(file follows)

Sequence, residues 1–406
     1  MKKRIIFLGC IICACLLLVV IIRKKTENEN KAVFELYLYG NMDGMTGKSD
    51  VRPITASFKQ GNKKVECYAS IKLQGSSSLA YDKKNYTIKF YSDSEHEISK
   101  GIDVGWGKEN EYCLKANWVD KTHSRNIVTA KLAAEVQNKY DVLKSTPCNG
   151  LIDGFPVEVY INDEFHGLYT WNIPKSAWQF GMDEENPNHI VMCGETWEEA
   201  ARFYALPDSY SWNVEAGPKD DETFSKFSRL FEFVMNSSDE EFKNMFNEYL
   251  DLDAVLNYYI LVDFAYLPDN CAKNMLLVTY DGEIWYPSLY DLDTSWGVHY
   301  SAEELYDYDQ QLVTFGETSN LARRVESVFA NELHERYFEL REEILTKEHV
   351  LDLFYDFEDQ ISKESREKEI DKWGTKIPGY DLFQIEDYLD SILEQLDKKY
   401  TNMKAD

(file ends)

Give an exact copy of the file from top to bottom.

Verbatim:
Sequence, residues 1–406
     1  MKKRIIFLGC IICACLLLVV IIRKKTENEN KAVFELYLYG NMDGMTGKSD
    51  VRPITASFKQ GNKKVECYAS IKLQGSSSLA YDKKNYTIKF YSDSEHEISK
   101  GIDVGWGKEN EYCLKANWVD KTHSRNIVTA KLAAEVQNKY DVLKSTPCNG
   151  LIDGFPVEVY INDEFHGLYT WNIPKSAWQF GMDEENPNHI VMCGETWEEA
   201  ARFYALPDSY SWNVEAGPKD DETFSKFSRL FEFVMNSSDE EFKNMFNEYL
   251  DLDAVLNYYI LVDFAYLPDN CAKNMLLVTY DGEIWYPSLY DLDTSWGVHY
   301  SAEELYDYDQ QLVTFGETSN LARRVESVFA NELHERYFEL REEILTKEHV
   351  LDLFYDFEDQ ISKESREKEI DKWGTKIPGY DLFQIEDYLD SILEQLDKKY
   401  TNMKAD